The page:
It’s finally here; not only has the Fed hiked interest rates by a quarter point, it has also signaled for further increases should inflation fail to dissipate.
This means that we will likely see a couple more rate hikes within the year. With inflation running hot, the Fed needs to transition to the brakes in order to prevent the economy from overheating.
In fact, we have economists predicting anywhere from 4 to 6 interest rate hikes within the year. And a delicate balance to achieve.
While such hikes do affect stocks one way or another, perhaps the more worrying recipient would be REITs. With a business model centered on owning income-producing properties through debt, REITs are very much in the line-of-fire.
Luckily, when we look back at history, we know that rising interest rates are not the end of the world for REITs. Other factors do drive returns, such as supply & demand, operating industry, and asset quality.
However, the relationship between interest rates and REITs tends to be more direct and causal. Which is why we are looking at it today.
To recap, interest rates affect REITs in various ways. At its core, higher rates increase the REIT’s cost of owning properties due to leverage. This will in turn translate into lower property income, as more cash is diverted to pay for loan interest.
The end-result? Lower dividends for REIT investors
Higher interest rates also level the playing field when income-producing assets such as REITs are placed alongside Bonds. This generally makes REITs less attractive, as income-investors can generate more income through other assets, with lesser risk
A Bird’s Eye View
We went and consolidated the information for various SG REITs into a chart. Should be much easier to compare the various metrics here.
When you combine the Fixed and Floating debt portions, you’ll get 100%, which represents the amount of debt a counter has. While fixed debt tends to be more straightforward, floating rate debt will likely increase in tandem with higher rates, impacting the REIT.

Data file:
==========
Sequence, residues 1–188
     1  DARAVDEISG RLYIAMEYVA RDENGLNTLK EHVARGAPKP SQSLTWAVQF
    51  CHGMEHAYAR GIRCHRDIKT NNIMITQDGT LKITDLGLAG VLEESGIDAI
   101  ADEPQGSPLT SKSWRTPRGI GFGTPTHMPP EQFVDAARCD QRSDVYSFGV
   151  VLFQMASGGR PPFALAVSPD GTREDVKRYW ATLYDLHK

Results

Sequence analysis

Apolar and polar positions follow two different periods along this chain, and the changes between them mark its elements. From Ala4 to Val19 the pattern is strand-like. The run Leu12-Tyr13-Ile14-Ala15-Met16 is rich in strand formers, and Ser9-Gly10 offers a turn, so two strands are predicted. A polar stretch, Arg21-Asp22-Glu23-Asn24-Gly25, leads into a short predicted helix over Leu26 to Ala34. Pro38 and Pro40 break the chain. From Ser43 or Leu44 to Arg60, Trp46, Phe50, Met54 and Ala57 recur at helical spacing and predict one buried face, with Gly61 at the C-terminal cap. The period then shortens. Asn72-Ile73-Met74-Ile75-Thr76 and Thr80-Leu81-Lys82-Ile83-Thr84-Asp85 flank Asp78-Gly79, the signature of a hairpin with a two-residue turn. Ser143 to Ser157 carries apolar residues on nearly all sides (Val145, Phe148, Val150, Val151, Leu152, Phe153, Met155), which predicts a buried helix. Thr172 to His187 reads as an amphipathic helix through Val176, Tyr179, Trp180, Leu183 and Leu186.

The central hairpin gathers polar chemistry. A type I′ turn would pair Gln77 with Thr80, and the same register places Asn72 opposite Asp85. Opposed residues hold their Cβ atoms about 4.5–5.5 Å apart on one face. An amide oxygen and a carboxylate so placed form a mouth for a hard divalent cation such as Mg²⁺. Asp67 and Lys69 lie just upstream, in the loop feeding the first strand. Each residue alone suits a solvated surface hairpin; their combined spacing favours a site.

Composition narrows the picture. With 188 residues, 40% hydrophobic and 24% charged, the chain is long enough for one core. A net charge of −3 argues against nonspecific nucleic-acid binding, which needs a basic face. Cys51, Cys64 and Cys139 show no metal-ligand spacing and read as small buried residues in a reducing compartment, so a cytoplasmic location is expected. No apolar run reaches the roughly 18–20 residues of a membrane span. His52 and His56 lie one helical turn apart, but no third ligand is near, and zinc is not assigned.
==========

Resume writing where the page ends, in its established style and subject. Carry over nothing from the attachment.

For Cost of debt and Leverage, the lower, the better. REITs with lower overall debt won’t need to worry too much about rising rates, especially if they have a high Interest Cover as well.
The Takeaway? REITs with higher Cost of debt, portion of Floating debt, and Leverage will likely be impacted by rising rates.
But don’t start the selling just yet. The good news is that the impact to DPU will likely be quite small.
Unless the Rate hikes start to snowball that is.
What’s a REIT comparison without dividends? Here you can view each REIT’s annual dividend yield as well. The pricing next to the name reflects the current price of the stock for reference.
It’s better to balance good yields with solid balance sheets of course. Doesn’t make sense to chase yields just to get impacted by rising rates.
We haven’t even added Rental reversions, NPI growth, Future supply, and Industry pricing trends into the mix yet. All of which are pretty important if you’re intent on mastering REIT investments.
Tip Of The Iceberg
While Interest rates and Leverage are important factors, we know they do not make or break an investment in REITs.
The fact is that most SG REITs have been positioning themselves for upcoming rate hikes, and are well-equipped and covered to handle them.
And higher rates normally are caused by better economic indicators, which in this case is inflation. In such a situation, REITs who are in the right industries will definitely feel the positive side-effects.
Hopefully the upcoming rate hikes will be able to get Inflation under control. Otherwise we can expect much higher interest rates to follow.
While a quarter point increase won’t affect REITs much, a 2-3 percent increase, especially in quick succession, could be a very different story.